There are countless movies about the end of the world. Some take a realistic approach, while others are totally over the top. Here’s a rundown of each style and if any of them could actually happen.
The realist film
Last Night (1998)
The world is ending at midnight on New Year’s Eve (Toronto time) and actor/director Don McKellar just wants to spend his last hours alone. Instead, he spends it putting up with his family, helping Sandra Oh find a car and making out with his buddy Callum Keith Rennie (who is spending his time fucking everybody he never got to fuck). With appearances by David Cronenberg, Bruce McDonald and Jackie “Hetty from Road to Avonlea” Burroughs, it’s a Canadian classic.
Is it realistic? Very. It’s sad, funny, morbid and sweet all at once. The fact that they never address how or why the world is ending lets the audience focus on the characters.
The “world is screwed” film
The granddaddy of blockbuster flicks.
It’s got Ben Affleck eating animal crackers off of Liv Tyler’s belly (the romance), Will Patton being alienated by his ex-wife (the heartache), Steve Buscemi being a jerk (the indie wit) and Mr. Planet Hollywood himself, Bruce Willis.
Is it realistic? I don’t know - is sending a bunch of oil drillers into space to put a bomb into an asteroid realistic? Wouldn’t it have been more realistic to train astronauts how to drill? Either way - there’s a hilarious drunken Affleck commentary track on the Criterion Collection edition.
The “last man on earth” film
The Omega Man (1971)
The second of three I Am Legend adaptations gives us Chuck Heston as the last man on Earth, Rosalind Cash as his Black Power love interest and a whack of white-faced “albino” mutants who are hunted by (and in turn, hunt) Heston.
Is it realistic? It takes place in 1975 and wasn’t believable back then. It’s probably best to stick to Vincent Price in The Last Man on Earth - campy, but at least fun.
The hopeful film
Children of Men (2006)
Alfonso Cuarón’s devastatingly beautiful adaptation of P.D. James’s novel about a world in which women are unable to get pregnant was incredibly innovative in its use of one-take action sequences. Clive Owen winds up chaperoning a young woman who is able to conceive, making her humanity’s last hope.
Is it realistic? Set in a very believable 2027, the riots and post-apocalyptic feel are a lot like what is going on in many parts of the world right now - so, yes. That, and Michael Caine is the world’s best living actor, so you’ve got to at least believe him.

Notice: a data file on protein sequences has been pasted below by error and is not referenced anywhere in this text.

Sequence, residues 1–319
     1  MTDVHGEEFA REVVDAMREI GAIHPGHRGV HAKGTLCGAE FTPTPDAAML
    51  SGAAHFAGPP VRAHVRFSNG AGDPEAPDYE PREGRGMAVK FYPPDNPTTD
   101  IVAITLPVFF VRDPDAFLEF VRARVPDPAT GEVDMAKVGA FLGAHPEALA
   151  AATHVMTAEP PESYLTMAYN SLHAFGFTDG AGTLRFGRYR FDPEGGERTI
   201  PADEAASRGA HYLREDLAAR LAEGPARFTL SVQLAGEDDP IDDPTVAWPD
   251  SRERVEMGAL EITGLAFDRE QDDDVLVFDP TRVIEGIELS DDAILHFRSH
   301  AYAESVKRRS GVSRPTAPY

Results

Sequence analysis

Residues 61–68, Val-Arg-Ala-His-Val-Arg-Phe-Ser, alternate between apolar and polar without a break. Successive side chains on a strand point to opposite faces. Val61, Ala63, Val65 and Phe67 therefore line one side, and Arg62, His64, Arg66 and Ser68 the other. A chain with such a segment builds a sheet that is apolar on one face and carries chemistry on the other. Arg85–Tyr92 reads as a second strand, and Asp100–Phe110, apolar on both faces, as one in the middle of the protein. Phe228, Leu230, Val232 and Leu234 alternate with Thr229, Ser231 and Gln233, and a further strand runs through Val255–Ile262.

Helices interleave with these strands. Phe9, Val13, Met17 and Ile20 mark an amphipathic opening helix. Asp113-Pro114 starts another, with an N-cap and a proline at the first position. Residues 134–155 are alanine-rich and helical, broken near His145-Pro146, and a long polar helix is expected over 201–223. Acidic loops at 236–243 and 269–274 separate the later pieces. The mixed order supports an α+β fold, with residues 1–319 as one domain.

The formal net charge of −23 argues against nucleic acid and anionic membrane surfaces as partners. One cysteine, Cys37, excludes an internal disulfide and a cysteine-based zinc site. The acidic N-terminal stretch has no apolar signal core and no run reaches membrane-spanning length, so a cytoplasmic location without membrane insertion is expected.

The “world is really screwed” film
Director Roland Emmerich has made a career out of shitty disaster flicks, from 1998’s Godzilla to 2004’s The Day After Tomorrow, so hopes for this turkey were not high.
When your president is Danny Glover (the man can’t even get a cab!) then you know the world is already screwed.
Is it realistic? No. Solar storms? Mutating neutrinos? I took astronomy twice and don’t remember hearing about any of this. John Cusack as a struggling sci-fi writer/limo driver? Maybe.
The “we can prevent this” film
Terminator 2: Judgment Day (1991)
This superior sequel finds Edward Furlong learning that he’s the saviour of the world and that Robert Patrick is going to run very fast, morph into metal and kill any coffee-drinking security guards that get in his way.
Not much of the future is seen, but in the end, we’re left thinking the world might be OK (if you can forget the sequels/TV series).
Is it realistic? Taking place in the slight future (1995), Skynet was actually supposed to become aware and destroy us all last April, so it’s good that, you know, it’s not too realistic.
The “modern day ice age” film
The Day After Tomorrow (2004)
The second ice age is upon us and only climatologist Dennis Quaid can save us - but if I remember correctly, he’s too busy trying to save his son. Or something. The plot wasn’t very clear, and when I saw it, there was this couple next to me that kept making out and nudging me, so I couldn’t stop laughing for various reasons.
Is it realistic? No, just watch the South Park episode Two Days Before the Day After Tomorrow, which is much more realistic.
The zombie film
Dawn of the Dead (1978)
George A. Romero’s masterpiece and sequel to the flick that invented the zombie as we know it finds a pair of SWAT team goons, a reporter and his lady friend holed up in a mall while the zombies take over the rest of the planet. Not just a great zombie movie, but a great movie in general.
Is it realistic? Surprisingly, yes (if corpses could be re-animated), and it’s the bible for zombie flicks.
The sacrifice film
This one finds Cillian Murphy and company attempting to re-ignite the sun, which is dying. The gang, which dissolves rapidly when its members go insane and start offing each other, is actually the second crew to attempt this feat, so the trek is seen as a suicide mission from the get-go.
Is it realistic? Within the context of the story, quite. That, and Rose Byrne is really cute in it.
The timing film
End of Days (1999)
Made in the death rattle of Arnold Schwarzenegger’s acting career, this one has Arnie playing a suicidal bodyguard who is given a chance at redemption by protecting Robin Tunney from Gabriel Byrne’s hilarious Satan, all to the tune of Limp Bizkit.
Is it realistic? As it came out in 1999, it was somewhat timely with the whole Y2K scare, but ultimately it wasn’t believable because, you know, the likelihood of Satan trying to impregnate Tunney to take over the world is about as likely as Arnie being elected into office - oh, wait…
Published in Volume 66, Number 21 of The Uniter (March 1, 2012)